Europe recognises deafblindness as a distinct disability
Lucy Drescher reports on her work joining friends and colleagues across Europe that led to this ground-breaking decision!
A historic Written Declaration on the rights of deafblind people was formally adopted by the European Parliament on 1 st April, 2004. This was the culmination of a long campaign by deafblind people, families and professionals in Europe. The Written Declaration is a 200 word statement about the fact that deafblindness is a distinct disability. It lists the rights to which deafblind people should be entitled.
EDbN (European Deafblind Network) has been working for some time with Richard Howitt MEP, Chair of the Disability Intergroup in the European Parliament, on a campaign to get deafblindness recognised as a separate disability at the European level. Sense, as a member of EDbN, has been leading on this campaign.
Mr Howitt spoke at the Social Inclusion seminar organised by Sense International, Lega del Filo D’Oro and Casa Pia de Lisboa and attended by many EDbN members. He promised to support the Charter for deafblind citizens of Europe.
Following up on Richard Howitt’s promise I went to Brussels In July last year to meet Richard and Sophie Beaumont from European Disability Forum. Richard and Sophie were both very keen to work with deafblind people and get deafblindness recognised at the European level. It was agreed that recognition of deafblindness at a European level could be used, as appropriate, by people in the various member states to persuade their governments to give deafblind people the rights they need to play a full part in society.
January 2004 —Brussels
A reception and an exhibition were held in the European Parliament in the first week of January to launch Written Declaration 1/2004. Richard Howitt MEp, Mario Mantovani MEP, Liz Lynne MEP, Iida Figueiredo MEP and Patricia McKenna MEP submitted this declaration on behalf of EDbN.
The reception hosted by Richard Howitt was held with the Disability Intergroup of MEPs in the European Parliament on 6th January 2004.
Deafblind people from Belgium, the Netherlands, the UK and France gathered in Brussels for the evening with representatives of organisations Sense, Lega del Filo D’Oro, CRESAM, anspa, APASCIDE, APSOCECAT and spermalie. Over eighty people, including ten MEPs attended the very successful event. William Green from Italy spoke on behalf of DBI (Deafblind International), in his position as President and Wolfgang Angermann from Germany spoke in his position as Acting Chair of EDbN. Peter Vanhoutte from Belgium spoke about his personal experiences and why recognition of deafblindness is important to him. All of the speakers welcomed the Written Declaration and encouraged MEPs to sign up to it, saying that even if they did not believe in it, many of their constituents did very strongly! In the same week an exhibition was held in the European Parliament. Photos of deafblind people from across Europe were displayed along with information about the organisations that are members of EDbN.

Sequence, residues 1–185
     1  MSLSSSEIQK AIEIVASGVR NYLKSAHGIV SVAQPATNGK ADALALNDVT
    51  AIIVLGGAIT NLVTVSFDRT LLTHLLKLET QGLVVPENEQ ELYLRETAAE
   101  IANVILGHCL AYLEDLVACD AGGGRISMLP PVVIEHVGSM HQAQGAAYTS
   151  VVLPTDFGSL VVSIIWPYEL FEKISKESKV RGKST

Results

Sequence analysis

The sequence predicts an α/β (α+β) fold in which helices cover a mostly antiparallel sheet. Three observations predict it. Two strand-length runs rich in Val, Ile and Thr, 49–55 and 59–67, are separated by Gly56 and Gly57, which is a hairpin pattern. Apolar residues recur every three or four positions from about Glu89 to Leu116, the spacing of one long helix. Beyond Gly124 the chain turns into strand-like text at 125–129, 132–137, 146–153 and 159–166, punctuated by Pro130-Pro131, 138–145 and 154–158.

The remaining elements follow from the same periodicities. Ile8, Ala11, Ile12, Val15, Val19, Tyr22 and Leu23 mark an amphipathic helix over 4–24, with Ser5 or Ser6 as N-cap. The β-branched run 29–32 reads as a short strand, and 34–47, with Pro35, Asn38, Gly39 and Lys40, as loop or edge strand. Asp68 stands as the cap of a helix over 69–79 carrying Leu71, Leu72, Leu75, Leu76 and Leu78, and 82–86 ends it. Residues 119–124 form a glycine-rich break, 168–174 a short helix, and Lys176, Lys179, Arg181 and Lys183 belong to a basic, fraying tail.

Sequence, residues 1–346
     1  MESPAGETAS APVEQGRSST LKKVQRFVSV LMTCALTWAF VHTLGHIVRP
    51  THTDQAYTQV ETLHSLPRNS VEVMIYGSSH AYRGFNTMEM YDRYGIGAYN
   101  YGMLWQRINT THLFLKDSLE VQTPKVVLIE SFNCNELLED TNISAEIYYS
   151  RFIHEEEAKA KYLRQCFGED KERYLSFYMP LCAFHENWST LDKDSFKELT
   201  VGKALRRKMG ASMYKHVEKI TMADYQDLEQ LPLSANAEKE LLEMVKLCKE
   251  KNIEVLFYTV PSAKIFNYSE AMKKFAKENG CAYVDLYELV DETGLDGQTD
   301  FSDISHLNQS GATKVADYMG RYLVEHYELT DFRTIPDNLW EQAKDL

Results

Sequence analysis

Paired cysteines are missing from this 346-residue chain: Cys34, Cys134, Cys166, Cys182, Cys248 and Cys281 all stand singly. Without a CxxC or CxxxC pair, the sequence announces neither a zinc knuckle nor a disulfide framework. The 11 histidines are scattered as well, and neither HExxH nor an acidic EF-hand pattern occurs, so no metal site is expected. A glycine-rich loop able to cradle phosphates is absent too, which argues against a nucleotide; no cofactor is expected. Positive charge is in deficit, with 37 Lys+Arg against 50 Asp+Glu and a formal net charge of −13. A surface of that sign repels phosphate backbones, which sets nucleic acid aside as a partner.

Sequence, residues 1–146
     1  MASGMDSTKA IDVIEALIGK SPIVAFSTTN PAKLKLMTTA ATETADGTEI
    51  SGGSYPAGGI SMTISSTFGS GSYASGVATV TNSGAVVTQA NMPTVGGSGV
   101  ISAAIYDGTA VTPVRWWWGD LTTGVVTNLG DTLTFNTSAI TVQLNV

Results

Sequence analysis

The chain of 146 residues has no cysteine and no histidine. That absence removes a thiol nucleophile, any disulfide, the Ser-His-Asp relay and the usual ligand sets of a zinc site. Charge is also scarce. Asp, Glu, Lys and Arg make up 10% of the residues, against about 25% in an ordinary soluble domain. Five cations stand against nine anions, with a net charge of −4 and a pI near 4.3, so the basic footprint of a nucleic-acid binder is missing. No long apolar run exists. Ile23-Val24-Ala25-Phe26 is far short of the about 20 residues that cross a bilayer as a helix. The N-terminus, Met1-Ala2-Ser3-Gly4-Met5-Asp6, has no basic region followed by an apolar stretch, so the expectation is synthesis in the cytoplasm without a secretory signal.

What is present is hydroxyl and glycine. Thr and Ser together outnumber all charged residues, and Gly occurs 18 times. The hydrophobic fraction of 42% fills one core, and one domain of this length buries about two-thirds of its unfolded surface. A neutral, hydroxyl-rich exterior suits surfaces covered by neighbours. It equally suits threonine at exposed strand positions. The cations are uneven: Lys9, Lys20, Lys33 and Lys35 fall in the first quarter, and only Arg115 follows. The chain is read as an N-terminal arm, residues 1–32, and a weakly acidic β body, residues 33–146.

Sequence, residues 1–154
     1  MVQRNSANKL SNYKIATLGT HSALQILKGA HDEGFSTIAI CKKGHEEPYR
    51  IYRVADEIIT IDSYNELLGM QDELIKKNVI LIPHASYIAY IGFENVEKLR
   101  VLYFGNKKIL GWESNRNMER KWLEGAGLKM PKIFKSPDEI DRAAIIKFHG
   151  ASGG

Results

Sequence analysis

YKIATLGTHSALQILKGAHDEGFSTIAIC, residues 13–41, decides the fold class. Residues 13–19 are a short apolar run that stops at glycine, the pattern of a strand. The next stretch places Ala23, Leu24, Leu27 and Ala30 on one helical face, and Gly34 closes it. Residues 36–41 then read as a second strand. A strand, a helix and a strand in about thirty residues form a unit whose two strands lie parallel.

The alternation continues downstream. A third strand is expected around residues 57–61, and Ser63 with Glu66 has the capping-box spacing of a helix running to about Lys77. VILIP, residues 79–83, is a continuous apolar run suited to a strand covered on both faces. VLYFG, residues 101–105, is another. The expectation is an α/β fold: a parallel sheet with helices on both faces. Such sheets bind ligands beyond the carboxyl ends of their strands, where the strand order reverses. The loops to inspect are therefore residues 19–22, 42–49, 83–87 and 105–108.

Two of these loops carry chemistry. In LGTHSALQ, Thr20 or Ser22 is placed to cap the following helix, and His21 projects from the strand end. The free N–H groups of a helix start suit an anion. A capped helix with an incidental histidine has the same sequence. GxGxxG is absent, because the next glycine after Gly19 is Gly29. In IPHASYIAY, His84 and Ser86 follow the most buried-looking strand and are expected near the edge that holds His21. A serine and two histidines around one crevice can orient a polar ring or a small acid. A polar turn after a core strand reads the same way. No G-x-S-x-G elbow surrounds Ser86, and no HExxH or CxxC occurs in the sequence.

The declaration was available for MEPs to sign up to for three months from 12th January until 12th April. EDbN members spent these three months endlessly emailing, faxing, writing to and phoning their MEPs, telling them about their personal experiences of deafblindness. The easiest time for MEPs to sign up to written declarations is when they are in Strasbourg for the plenary sessions, because all the declarations are available just outside the chamber. In March I went to the two Strasbourg sessions and stood outside the chamber holding up a poster to remind them to sign the declaration! Aside from getting very tired feet, this gave me the opportunity to meet many of the MEPs and remind them to the sign the declaration when they might otherwise have rushed past without signing.
I was in Strasbourg on 1 April and as the voting was coming to an end we still needed 5 signatures! With the assistance of Liz Lynne MEP the last few MEPs were persuaded to sign and the declaration was adopted with 323 signatures, which was more than half of all the 626 MEPs. This meant that the Declaration was formally adopted by the plenary session of the European Parliament in the afternoon of 1 st April.
The adoption of this declaration is a very important success for deafblind people all over Europe. We could not have achieved this success without deafblind people, their families and professionals across Europe working together to lobby their MEPs by emailing, faxing, phoning or writing to them asking them to sign up. This is only the first step -now that we have begun to work together we can ensure that the voices of deafblind people are heard throughout the European Union.
If you have any questions please contact Lucy Drescher at email@example.com.